Saturday, December 24, 2011

Groundwater dropping globally

Devin Powell in ScienceNews: Groundwater levels have dropped in many places across the globe over the past nine years, a pair of gravity-monitoring satellites finds. This trend raises concerns that farmers are pumping too much water out of the ground in dry regions.

Water has been disappearing beneath southern Argentina, western Australia and stretches of the United States. The decline is especially pronounced in parts of California, India, the Middle East and China, where expanding agriculture has increased water demand.

“Groundwater is being depleted at a rapid clip in virtually of all of the major aquifers in the world's arid and semiarid regions,” says Jay Famiglietti, a hydrologist at the University of California Center for Hydrologic Modeling in Irvine, whose team presented the new trends December 6 at a meeting of the American Geophysical Union.

Famiglietti and his colleagues detect water hidden below the surface using the modern equivalent of a dowsing rod: a pair of car-sized satellites, nicknamed Tom and Jerry, that are especially sensitive to the tug of gravity from below.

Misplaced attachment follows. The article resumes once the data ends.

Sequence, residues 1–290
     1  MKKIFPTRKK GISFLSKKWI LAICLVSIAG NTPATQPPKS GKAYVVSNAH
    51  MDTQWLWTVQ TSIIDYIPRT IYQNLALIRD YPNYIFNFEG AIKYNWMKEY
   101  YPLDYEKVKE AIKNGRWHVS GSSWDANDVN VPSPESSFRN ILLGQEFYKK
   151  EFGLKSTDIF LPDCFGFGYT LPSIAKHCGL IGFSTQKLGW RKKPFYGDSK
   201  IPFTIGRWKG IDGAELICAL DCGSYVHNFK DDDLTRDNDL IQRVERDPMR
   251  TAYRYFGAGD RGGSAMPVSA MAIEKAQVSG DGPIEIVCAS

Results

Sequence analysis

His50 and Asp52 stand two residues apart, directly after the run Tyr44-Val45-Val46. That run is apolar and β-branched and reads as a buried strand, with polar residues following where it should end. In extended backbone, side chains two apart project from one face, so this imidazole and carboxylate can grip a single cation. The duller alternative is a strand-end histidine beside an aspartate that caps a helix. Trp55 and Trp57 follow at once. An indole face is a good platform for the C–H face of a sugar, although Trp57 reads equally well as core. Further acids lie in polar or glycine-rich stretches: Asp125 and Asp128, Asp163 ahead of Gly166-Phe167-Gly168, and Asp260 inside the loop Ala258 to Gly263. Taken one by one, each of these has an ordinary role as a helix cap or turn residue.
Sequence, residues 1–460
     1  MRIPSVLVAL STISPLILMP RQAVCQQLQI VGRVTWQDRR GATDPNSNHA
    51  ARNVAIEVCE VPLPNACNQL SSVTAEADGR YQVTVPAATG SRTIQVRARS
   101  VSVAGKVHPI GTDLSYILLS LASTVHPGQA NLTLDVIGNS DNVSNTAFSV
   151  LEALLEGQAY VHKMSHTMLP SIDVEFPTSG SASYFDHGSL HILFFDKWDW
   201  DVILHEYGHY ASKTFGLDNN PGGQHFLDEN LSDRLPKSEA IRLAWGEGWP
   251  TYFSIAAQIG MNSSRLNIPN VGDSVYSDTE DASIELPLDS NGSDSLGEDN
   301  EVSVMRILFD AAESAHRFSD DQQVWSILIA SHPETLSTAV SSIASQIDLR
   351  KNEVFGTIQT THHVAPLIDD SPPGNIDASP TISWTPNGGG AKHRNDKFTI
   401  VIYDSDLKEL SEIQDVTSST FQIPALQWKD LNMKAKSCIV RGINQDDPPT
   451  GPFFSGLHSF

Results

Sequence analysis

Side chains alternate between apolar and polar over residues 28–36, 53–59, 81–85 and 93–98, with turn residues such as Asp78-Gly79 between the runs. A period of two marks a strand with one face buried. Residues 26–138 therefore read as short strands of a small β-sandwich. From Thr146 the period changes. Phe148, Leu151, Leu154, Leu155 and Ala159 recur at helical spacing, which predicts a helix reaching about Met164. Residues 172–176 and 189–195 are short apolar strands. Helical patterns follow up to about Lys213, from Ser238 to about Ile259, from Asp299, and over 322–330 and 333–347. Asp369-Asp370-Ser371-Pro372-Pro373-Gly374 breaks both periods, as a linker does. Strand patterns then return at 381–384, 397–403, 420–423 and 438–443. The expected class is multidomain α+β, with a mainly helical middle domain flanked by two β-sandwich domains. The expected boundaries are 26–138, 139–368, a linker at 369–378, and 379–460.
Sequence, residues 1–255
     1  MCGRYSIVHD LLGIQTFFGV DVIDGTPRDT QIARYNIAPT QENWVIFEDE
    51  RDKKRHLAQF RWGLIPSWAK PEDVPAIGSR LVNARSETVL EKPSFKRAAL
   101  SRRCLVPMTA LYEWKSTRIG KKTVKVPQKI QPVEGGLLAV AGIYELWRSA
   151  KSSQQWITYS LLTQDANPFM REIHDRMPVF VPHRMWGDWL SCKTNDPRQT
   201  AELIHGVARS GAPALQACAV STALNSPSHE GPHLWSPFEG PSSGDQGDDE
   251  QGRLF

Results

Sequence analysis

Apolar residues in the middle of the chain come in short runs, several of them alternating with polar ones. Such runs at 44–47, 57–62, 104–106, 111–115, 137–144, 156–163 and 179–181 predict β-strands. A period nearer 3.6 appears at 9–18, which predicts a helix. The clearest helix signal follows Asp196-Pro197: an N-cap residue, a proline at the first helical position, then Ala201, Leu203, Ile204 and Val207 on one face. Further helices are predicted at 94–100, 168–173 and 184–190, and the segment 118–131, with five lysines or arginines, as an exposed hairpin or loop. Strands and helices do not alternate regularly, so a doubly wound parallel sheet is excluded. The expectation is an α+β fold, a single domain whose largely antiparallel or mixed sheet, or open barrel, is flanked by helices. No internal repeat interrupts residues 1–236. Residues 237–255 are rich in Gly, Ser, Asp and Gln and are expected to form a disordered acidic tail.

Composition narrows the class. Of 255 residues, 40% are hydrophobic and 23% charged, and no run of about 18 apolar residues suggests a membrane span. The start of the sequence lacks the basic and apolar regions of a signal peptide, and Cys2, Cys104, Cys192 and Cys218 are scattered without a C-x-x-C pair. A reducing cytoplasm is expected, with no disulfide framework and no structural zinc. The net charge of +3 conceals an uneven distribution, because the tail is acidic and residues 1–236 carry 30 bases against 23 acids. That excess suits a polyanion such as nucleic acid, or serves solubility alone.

As the spacecraft chase each other around the planet like their cat and mouse namesakes, they are pulled apart and pushed together by areas of higher or lower gravity. Mountains and other large concentrations of mass have a big, obvious effect that’s consistent from month to month. But water moves around over time, creating small gravity fluctuations that the satellites’ orbital motions respond to.

It takes a lot of flow to noticeably change the distance between the satellites. After subtracting the contributions of snowpack, rivers, lakes and soil moisture, scientists can detect changes in groundwater greater than a centimeter over an area about the size of Illinois.

This joint mission between NASA and the German Aerospace Center — called the Gravity Recovery and Climate Experiment, or GRACE — has been creating monthly snapshots of global groundwater since 2002. The trends now identified in this data help fill in monitoring gaps and confirm problems in places where official groundwater information is unreliable or nonexistent....

Groundwater is found beneath the solid surface. Notice that the water table roughly mirrors the slope of the land's surface. A well penetrates the water table. Image by Geoff Ruth, Wikimedia Commons, under the Creative Commons Attribution-Share Alike 3.0 Unported license

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